Section 121 of the Dodd-Frank financial reform bill provides a pretty clear mandate: if the federal government determines that a financial institution poses a “grave” risk to the financial system, the government is entitled to take action to mitigate that risk.
Specifically, if the Board of Governors of the Federal Reserve System makes that assessment, it can take action with the approval of the Financial Stability Oversight Council, which is part of the Treasury Department. The potential actions can range from limiting mergers and acquisitions, imposing conditions on how the institution does business or ordering it to liquidate.
When progressives criticized Dodd-Frank, they note that too-big-to-fail banks weren’t broken down, and that’s true—in fact, many of these banks are bigger now than they were before the financial crisis. But that doesn’t man Dodd-Frank didn’t offer some tools in that regard, and Section 121 is one of them.
To that end, Public Citizen filed a petition this week to the Federal Reserve and FSOC to break up Bank of America—a bank that’s clearly too big to fail, since it holds assets equal to one-seventh of the United States’ gross domestic product. It’s got the second-biggest holdings of any US bank and is interconnected with so many other institutions that few people—if any, even inside the bank—truly understand the complexity of those arrangements and dependencies.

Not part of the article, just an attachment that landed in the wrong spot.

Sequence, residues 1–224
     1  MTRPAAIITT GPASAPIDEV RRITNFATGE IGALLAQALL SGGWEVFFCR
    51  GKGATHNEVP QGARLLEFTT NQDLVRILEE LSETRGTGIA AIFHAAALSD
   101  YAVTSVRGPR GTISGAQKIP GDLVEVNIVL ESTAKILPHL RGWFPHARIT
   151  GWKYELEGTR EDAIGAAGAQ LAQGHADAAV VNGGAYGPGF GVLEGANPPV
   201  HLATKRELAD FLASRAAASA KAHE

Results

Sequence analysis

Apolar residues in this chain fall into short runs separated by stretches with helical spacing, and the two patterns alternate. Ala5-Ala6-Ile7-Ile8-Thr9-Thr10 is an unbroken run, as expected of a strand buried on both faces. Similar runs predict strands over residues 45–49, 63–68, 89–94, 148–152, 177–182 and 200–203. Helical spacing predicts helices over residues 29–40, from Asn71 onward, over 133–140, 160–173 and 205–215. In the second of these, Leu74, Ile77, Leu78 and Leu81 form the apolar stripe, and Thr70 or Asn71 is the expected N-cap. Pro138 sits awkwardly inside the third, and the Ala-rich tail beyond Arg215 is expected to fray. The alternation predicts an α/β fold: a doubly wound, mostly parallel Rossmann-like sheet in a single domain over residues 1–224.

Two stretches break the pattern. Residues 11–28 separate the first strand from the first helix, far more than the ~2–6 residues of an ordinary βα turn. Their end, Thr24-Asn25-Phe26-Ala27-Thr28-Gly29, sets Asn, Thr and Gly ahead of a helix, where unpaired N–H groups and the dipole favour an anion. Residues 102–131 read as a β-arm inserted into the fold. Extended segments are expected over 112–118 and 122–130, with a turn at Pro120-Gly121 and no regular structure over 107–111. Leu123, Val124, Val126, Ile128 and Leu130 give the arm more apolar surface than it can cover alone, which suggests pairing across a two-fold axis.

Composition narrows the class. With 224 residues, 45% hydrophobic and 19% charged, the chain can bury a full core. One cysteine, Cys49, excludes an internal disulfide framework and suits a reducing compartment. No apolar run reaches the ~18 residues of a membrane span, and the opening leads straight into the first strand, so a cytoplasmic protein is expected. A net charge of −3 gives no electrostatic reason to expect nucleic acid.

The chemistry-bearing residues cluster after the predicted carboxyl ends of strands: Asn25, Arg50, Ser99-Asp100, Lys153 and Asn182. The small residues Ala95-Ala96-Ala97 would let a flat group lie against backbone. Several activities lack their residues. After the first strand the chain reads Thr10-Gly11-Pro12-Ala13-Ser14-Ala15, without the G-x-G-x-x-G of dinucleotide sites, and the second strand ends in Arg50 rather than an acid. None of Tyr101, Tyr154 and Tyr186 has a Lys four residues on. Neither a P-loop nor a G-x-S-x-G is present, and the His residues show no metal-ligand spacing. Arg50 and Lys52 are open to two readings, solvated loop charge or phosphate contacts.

But most importantly, Bank of America isn’t on terribly sound financial footing. Many consider it to be the least stable US bank, though there’s a wide variety of opinions on how bad the problem is. But if the market lost confidence in Bank of America, and there was a run on the bank’s stock, the consequences for the economy would be devastating in the truest sense of the word.
So Public Citizen’s petition urges the Federal Reserve and FSOC to take action now and break up the bank:
This petition does not urge a particular course. The petitioners are not privy to the full range of information available to financial regulators, which is likely necessary to form specific recommendations. But publicly available information is sufficient to show that financial regulators must take dramatic, assertive action to foreclose the possibility of catastrophic damage from Bank of America and fulfill the purposes of the Dodd-Frank Act. The regulators should be able to break up Bank of America into smaller institutions that would be less likely to fail and less dangerous in the event of failure—and for which orderly liquidation would be more likely to succeed should it become necessary. The time to use section 121 is well in advance of a crisis. In the case of Bank of America, that means now.
In the short term, the prospects for success here seem virtually nil. The Federal Reserve and FSOC have well-known affinities with the banking industry, to put it gently.
But in this age of financial meltdown, government bankruptcies and sudden financial chaos, a lot of things are impossible—until they suddenly aren’t. If, say, further revelations suggested Bank of America was truly in danger, this option would quickly become much more viable, and it’s crucial to have this route introduced into the discussion. And in a perfect world, the Federal Reserve would act now.